Altering misperception of sleep in insomnia: behavioral experiment versus verbal feedback.

Department of Psychology, Institute of Psychiatry, King's College London, England.
Journal of Consulting and Clinical Psychology (Impact Factor: 4.85). 09/2006; 74(4):767-76. DOI: 10.1037/0022-006X.74.4.767
Source: PubMed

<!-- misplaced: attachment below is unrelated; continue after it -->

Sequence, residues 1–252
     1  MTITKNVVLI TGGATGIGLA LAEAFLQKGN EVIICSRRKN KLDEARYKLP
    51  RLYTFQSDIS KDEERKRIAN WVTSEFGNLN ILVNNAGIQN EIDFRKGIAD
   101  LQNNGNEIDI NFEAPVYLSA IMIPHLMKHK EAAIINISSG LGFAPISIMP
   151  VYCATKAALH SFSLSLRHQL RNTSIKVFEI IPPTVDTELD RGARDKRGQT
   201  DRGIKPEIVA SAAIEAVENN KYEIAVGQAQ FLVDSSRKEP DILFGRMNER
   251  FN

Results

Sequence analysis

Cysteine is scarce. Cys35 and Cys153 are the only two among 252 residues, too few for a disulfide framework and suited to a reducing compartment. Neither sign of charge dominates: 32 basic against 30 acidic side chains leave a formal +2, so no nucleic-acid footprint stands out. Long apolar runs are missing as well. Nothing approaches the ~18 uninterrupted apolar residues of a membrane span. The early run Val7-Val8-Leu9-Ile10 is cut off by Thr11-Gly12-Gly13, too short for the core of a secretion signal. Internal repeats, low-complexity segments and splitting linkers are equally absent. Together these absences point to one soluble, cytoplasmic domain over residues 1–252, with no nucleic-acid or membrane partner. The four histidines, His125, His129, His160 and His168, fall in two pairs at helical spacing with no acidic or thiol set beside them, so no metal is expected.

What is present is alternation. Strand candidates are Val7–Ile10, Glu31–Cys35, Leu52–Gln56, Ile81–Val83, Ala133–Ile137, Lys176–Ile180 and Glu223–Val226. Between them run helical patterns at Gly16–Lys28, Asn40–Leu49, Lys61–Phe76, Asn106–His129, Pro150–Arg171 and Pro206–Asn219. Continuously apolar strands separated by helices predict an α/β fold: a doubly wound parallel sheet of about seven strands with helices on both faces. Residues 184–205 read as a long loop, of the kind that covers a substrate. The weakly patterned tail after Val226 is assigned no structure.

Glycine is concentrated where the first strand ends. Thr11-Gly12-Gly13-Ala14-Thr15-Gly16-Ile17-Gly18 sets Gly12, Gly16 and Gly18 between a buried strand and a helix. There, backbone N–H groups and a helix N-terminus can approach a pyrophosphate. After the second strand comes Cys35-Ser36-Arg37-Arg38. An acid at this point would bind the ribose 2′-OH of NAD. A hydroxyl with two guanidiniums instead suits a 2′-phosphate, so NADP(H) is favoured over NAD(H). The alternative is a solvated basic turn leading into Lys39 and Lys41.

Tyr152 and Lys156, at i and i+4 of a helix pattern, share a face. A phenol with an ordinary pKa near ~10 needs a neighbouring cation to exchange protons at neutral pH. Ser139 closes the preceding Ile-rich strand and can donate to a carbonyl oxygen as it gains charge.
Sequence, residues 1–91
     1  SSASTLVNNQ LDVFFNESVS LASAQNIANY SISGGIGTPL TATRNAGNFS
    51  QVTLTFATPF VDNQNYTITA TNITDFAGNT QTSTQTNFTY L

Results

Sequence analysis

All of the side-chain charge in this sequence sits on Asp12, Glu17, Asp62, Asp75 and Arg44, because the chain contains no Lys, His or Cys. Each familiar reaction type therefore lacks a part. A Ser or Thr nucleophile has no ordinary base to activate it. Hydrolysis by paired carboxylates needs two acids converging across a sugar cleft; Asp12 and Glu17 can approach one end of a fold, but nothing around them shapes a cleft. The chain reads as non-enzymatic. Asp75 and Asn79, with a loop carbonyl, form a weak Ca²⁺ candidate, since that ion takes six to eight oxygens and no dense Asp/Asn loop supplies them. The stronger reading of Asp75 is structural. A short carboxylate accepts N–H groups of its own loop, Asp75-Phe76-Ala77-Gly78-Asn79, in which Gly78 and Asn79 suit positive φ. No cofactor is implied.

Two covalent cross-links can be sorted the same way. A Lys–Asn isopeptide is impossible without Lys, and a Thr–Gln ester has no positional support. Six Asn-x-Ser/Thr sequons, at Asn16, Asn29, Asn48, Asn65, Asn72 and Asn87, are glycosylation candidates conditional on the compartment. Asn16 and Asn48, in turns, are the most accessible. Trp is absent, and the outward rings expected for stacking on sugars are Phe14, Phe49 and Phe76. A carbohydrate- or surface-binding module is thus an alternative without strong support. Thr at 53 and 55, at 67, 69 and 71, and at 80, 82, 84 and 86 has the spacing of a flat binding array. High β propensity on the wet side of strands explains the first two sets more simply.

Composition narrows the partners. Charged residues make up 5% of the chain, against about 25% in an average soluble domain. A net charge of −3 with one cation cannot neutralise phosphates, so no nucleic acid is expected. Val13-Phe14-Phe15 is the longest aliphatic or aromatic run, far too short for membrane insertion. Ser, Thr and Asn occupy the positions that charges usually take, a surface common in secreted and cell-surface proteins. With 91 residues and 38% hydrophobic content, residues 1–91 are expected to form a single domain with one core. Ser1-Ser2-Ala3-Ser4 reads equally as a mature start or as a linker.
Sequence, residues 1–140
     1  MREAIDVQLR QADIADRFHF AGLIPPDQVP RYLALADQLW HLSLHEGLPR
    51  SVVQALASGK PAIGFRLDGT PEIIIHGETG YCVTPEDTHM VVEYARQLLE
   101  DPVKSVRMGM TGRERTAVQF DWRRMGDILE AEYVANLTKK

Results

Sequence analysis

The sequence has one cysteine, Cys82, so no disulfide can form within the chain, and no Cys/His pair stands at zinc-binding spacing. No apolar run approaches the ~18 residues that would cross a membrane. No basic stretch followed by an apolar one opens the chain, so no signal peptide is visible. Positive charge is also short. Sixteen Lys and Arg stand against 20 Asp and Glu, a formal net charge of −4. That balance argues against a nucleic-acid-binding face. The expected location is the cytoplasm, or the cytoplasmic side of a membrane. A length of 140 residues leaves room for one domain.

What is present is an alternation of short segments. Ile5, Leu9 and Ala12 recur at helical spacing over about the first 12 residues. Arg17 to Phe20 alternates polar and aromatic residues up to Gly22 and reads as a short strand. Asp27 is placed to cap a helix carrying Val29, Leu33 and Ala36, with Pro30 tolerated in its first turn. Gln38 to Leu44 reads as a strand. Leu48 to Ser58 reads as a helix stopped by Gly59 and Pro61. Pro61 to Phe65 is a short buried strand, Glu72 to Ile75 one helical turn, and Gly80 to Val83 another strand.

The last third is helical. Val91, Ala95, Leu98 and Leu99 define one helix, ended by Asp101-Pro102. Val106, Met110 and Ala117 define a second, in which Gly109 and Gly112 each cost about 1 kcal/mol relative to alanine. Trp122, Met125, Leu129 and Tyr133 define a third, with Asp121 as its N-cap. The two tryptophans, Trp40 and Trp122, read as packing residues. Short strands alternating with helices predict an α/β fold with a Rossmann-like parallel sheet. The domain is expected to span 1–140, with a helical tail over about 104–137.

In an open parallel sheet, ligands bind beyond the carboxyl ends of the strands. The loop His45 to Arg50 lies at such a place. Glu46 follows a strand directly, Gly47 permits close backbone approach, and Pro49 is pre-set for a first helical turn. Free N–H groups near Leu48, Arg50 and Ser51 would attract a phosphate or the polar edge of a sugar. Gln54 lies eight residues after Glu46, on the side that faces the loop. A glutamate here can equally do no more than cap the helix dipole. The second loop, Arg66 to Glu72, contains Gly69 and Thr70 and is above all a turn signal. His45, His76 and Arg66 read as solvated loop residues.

ABSTRACT Forty-eight individuals with insomnia were asked to wear an actigraph and keep a sleep diary for 2 nights. On the following day, half were shown the discrepancy between the data recorded on the actigraph and their sleep diary via a behavioral experiment, whereas the other half were told of the discrepancy verbally. Participants were then asked to monitor their sleep for 2 further nights to index the effect of these interventions. Although both reduced sleep misperception, the behavioral experiment (effect size: 0.79 to 1.25) led to greater reduction in self-reported sleep impairment, insomnia symptoms, and sleep-related anxiety and distress compared with verbal feedback (effect size: -0.06 to 0.31). Further, the patients regarded the behavioral experiment as a more beneficial and acceptable intervention strategy than verbal feedback.

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